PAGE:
$ host -t aaaa slashdot.org
slashdot.org has no AAAA record
$ host -t aaaa slashdot.org
Bitch about this instead. A fucking static checker found heartbleed.
No, it says, "Coverity did not find the heartbleed bug itself", which very clearly means that Coverity did not find Heartbleed. And Coverity themselves confim that Coverity does not detect the problem (though in response, they've added a new heuristic that does detect it, but no word on how the new heuristic affects the false positive rate).
It's not exactly the IRS's service; it's offered by the Free File Alliance, "a nonprofit coalition of industry-leading tax software companies partnered with the IRS to provide free electronic tax services."
I use them too... definitely beats driving to the main post office at midnight to make sure the return (or extension) is postmarked in time.
Why are people so quick to say vaccines are connected? Wait until some weirdo declares that soap causes autism, and see how the world behaves even after the claim is debunked times over. Just like with vaccines. Enjoy the smell of the (literally) unwashed masses then.
Because soap doesn't normally contain a mercury compound as a preservative.
OK, but vaccines for kids don't normally contain a mercury compound as a preservative either.
Now, they likely do have some valid complaints here.
But bitching about a slow transition away from magnetic stripe cards when *you are one of the last retailers to install NFC payment terminals* and more importantly *knowingly skipped the start of migration during your last payment terminal upgrade cycle* is bullshit.
What does NFC have to do with anything? What Walmart wants is the contact chip, not contactless. And their terminals have supported those for years... However, I've never gotten one to read my EMV card (supposedly they do work in some stores that have a significant number of international customers).
Take the first 3 numeric digits in your Postal Code, and add "00" to the end, making a 5 digit "zip code".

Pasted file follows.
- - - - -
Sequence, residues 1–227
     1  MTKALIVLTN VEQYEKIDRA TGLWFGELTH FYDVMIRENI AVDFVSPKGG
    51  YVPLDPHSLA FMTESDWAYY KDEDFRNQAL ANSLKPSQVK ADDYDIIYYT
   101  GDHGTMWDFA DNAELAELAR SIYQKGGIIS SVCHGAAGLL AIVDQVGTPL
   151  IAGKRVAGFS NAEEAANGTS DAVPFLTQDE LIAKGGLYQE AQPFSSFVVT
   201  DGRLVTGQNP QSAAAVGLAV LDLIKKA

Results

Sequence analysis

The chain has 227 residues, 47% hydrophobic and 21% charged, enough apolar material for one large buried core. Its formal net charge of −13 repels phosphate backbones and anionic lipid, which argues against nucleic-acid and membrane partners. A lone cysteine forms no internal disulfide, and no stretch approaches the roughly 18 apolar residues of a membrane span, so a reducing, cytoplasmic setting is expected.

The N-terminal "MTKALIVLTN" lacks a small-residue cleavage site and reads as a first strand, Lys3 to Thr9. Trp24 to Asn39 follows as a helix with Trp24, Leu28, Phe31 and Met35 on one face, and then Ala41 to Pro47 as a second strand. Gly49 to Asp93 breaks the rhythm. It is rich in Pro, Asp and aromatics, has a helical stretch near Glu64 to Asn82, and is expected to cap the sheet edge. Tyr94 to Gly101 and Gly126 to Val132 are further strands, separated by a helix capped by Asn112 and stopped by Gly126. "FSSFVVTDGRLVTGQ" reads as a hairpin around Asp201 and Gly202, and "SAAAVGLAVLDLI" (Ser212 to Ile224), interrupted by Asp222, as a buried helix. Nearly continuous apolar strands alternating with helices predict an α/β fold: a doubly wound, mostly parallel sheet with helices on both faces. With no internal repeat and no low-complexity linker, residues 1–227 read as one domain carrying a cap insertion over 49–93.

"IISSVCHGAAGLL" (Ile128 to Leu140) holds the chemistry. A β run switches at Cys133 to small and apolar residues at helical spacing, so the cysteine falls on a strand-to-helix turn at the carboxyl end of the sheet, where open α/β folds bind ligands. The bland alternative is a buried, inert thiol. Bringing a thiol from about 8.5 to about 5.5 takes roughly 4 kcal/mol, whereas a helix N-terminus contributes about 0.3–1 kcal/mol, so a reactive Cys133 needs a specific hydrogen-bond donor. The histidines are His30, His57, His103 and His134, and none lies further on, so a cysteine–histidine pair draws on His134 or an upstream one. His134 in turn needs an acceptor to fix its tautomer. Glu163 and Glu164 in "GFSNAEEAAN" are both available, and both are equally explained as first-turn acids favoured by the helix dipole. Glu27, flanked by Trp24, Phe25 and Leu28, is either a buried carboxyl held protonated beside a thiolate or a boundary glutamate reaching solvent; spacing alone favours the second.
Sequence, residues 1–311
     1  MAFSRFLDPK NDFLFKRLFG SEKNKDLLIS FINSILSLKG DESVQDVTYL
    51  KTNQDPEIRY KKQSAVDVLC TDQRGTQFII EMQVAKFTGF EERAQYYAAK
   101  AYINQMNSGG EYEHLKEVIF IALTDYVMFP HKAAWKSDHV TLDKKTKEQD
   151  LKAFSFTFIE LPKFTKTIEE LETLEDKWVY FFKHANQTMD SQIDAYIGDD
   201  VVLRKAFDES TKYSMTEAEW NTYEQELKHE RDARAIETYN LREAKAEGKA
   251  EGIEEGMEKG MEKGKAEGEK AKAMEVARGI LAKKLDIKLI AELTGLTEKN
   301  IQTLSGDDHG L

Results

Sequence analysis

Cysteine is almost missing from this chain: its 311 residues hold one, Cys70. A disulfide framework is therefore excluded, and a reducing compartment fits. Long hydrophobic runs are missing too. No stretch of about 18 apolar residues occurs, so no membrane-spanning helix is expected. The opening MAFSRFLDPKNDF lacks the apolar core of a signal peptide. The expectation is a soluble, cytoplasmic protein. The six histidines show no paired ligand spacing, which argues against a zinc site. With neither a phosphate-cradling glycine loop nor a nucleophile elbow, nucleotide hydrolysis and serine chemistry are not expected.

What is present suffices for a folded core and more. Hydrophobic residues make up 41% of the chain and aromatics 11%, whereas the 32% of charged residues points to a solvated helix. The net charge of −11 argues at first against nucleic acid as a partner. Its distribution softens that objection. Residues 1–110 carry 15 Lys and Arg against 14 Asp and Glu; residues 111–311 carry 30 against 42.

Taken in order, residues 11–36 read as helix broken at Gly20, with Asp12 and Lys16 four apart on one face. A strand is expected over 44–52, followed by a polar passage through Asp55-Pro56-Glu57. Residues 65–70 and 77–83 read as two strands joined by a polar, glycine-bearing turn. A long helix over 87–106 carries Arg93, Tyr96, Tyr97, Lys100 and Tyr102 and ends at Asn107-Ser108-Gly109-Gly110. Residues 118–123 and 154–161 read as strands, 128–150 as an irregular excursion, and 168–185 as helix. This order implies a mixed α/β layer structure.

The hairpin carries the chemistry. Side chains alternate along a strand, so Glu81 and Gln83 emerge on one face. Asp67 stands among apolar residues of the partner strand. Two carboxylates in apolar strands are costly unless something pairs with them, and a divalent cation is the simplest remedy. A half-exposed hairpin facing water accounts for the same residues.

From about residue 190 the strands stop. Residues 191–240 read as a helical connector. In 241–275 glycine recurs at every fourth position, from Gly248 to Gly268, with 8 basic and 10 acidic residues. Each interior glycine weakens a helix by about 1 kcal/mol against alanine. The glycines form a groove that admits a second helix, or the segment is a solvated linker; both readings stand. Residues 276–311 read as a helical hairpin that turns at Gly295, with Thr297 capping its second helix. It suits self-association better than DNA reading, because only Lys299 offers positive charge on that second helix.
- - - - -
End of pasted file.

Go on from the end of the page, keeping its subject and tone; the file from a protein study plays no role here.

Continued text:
First 3 numeric digits? There are only 3 digits in all (and 3 letters).
the most likely scenario for paying for the switch is that banks will offer their customers a "New, more secure card!" for the low, low price of ($10? $20?).
Yes, and how do you trust your "visitors"?
You don't trust yourself? And even if you don't, how does that reveal info on who is running the hidden service? Of course you know your own entry point into the Tor network; the Tor client even shows you. netstat shows you. But if you want to find/sue the person running the hidden service, you need to find that person's entry point.
As much as I love forwarded X11 apps, its rarely efficient over moderate to slow links. I can't justify using over 1Mbit of uplink traffic just to use my editor over the wire when even a VNC session is more efficient.
1Mbit? Back in the day, we ran X11 over dialup modems, and we liked it. Or at least thought it was semi-OK.
You know lots of Linux/Unix/*BSD systems don't have an X server, right? (Actually the majority of them don't)
And they don't need one--the post you're replying to is suggesting to run the X server on the local machine and run X clients on the remote machine, forwarding the connections over SSH.
Here's the main reason I don't use Vim (or Emacs, for that matter): it's a "stateful" editor.
Insert mode? Command mode? Etc. etc.
If you think Emacs is stateful, aren't all editors stateful by your definition? Most people do not consider Emacs to be stateful. Sure, you can press Meta or Ctrl to start some multi-key command, but you can press Alt or Ctrl in Windows Notepad too. What makes vi stateful is that after you've typed a command, you're still in command mode and must type another command. In Emacs and Notepad, after you've typed a command, you're ready to insert text again.